A new method for diagnosing diseases based on exhaled air purification

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<pre>A new method for diagnosing diseases based on exhaled air purification

It would seem, why you need to purify the exhaled air, if it is more useful to purify the air inhaled for health? This is certainly true, but the composition of exhaled air can determine the mass of life-threatening conditions, which will help in the diagnosis of a number of pathologies. Moreover, the greatest danger in this case is precisely the water vapor that “dilutes” the pathological agents and interferes with their registration.

As it is known, some products of vital activity are excreted through the lungs. And, by collecting data on the composition of the exhaled air, one can learn about what is happening in the body. The most obvious example is a banal hangover, when aldehydes are released through the lungs. The composition of air can be analyzed by infrared spectroscopy, but as already indicated, the content of water vapor significantly distorts its results.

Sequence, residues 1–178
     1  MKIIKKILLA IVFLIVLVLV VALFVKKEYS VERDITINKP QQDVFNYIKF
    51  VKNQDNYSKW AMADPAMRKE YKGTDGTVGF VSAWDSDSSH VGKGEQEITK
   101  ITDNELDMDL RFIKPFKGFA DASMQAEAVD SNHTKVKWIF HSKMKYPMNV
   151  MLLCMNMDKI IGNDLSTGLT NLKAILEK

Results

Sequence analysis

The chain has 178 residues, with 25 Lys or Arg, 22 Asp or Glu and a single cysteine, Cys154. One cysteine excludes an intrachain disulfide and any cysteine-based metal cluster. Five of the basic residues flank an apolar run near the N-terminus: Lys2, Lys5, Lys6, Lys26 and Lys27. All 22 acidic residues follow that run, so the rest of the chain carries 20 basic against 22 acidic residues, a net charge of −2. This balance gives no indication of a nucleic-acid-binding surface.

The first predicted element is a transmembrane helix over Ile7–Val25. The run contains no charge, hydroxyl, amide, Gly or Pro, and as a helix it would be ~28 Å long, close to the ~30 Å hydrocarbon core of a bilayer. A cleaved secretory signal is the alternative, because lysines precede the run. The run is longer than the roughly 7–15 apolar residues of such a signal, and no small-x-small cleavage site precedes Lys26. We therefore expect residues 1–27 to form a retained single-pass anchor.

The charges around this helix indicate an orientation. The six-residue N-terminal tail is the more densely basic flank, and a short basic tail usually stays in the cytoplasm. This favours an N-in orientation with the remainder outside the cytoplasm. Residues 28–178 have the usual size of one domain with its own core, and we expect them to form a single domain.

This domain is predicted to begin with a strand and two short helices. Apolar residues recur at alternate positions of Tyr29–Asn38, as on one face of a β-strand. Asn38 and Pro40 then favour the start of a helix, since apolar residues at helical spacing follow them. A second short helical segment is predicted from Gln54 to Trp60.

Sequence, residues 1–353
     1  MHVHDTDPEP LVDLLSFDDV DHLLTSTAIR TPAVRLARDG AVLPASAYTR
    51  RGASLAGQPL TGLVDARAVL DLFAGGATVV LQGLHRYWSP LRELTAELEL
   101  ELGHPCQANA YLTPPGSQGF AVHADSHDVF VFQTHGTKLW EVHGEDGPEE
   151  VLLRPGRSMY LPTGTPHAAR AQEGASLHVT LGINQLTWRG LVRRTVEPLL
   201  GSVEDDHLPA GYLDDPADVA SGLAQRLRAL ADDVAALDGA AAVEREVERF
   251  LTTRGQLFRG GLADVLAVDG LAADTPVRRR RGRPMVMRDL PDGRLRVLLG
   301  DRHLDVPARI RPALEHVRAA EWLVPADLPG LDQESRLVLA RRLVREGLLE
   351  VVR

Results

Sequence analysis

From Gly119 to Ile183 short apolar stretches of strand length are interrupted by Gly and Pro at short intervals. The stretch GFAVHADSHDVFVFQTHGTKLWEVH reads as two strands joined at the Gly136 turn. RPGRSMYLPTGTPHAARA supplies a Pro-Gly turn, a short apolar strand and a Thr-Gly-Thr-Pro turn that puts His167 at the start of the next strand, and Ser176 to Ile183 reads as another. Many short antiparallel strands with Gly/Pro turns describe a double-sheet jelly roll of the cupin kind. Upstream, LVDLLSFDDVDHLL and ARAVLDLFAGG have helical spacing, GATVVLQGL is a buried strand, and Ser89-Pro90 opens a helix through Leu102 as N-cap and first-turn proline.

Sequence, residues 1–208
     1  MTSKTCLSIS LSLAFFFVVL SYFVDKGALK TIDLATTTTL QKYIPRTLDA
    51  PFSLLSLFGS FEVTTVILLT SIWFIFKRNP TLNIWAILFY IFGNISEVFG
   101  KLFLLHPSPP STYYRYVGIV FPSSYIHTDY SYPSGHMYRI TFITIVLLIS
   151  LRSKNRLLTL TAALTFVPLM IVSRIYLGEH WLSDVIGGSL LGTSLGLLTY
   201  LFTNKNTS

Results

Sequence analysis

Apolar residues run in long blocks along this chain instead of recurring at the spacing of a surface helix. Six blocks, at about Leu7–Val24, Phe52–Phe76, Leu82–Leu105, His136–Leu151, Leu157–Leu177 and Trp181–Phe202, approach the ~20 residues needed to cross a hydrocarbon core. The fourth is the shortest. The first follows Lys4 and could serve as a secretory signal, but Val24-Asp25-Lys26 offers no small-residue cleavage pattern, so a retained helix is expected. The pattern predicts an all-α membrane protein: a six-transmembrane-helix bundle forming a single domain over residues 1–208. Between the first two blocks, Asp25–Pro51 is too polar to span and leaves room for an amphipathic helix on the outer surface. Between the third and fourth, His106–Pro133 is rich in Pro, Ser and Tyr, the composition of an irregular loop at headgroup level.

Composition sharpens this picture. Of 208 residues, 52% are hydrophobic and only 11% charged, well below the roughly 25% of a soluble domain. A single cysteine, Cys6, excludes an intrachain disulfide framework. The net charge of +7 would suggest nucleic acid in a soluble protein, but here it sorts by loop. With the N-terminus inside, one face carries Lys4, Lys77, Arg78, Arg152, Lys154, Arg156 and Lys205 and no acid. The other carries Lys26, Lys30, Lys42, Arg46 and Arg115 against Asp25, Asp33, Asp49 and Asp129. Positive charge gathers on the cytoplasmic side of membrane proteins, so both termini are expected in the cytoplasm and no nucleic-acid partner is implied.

According to the Journal of Breath Research, a joint group of scientists from Russia and Germany has created a method for removing these vapors. Their method is based on the difference in the physical properties of gases. The fact is that for each gas there is a point of transition to the liquid phase. Therefore, creating certain conditions, you can separate “one part” of the exhaled air. Given that the composition of atmospheric air is known, and also that it is saturated with water with high partial pressure, it becomes easy to separate it.

The experts created a special cooling condenser that was tested on 5 people aged 35 to 77 years . The collection of a liter of exhaled air takes about 1 minute. And after the procedure, the water content in the exhaled air is reduced by 2500 times. After the application of infrared spectrometry in the exhaled air, in addition to the standard constituents, methane, carbon monoxide, carbon dioxide, acetone, acetic aldehyde and isoprene were discovered, which are usually “masked” with water. In the course of a series of experiments, their content was within the limits of the norm, but in the study of “artificial” air samples saturated with a dangerous content of these substances, IR spectrometry did not detect disturbances in “saturated” air, whereas after “cleaning” the hazardous components were registered no problem.


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